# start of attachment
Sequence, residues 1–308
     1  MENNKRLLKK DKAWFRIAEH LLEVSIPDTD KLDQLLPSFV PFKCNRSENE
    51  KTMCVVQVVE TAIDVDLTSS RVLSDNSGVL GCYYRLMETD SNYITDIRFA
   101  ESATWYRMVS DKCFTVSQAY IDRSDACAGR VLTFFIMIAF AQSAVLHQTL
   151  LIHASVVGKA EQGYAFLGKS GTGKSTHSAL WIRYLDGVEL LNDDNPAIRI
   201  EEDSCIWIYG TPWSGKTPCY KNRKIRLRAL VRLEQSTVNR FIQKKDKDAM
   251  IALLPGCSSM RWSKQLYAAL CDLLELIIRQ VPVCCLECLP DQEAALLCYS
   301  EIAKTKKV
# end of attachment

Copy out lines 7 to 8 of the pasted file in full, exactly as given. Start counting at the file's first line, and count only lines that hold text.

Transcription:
   251  IALLPGCSSM RWSKQLYAAL CDLLELIIRQ VPVCCLECLP DQEAALLCYS
   301  EIAKTKKV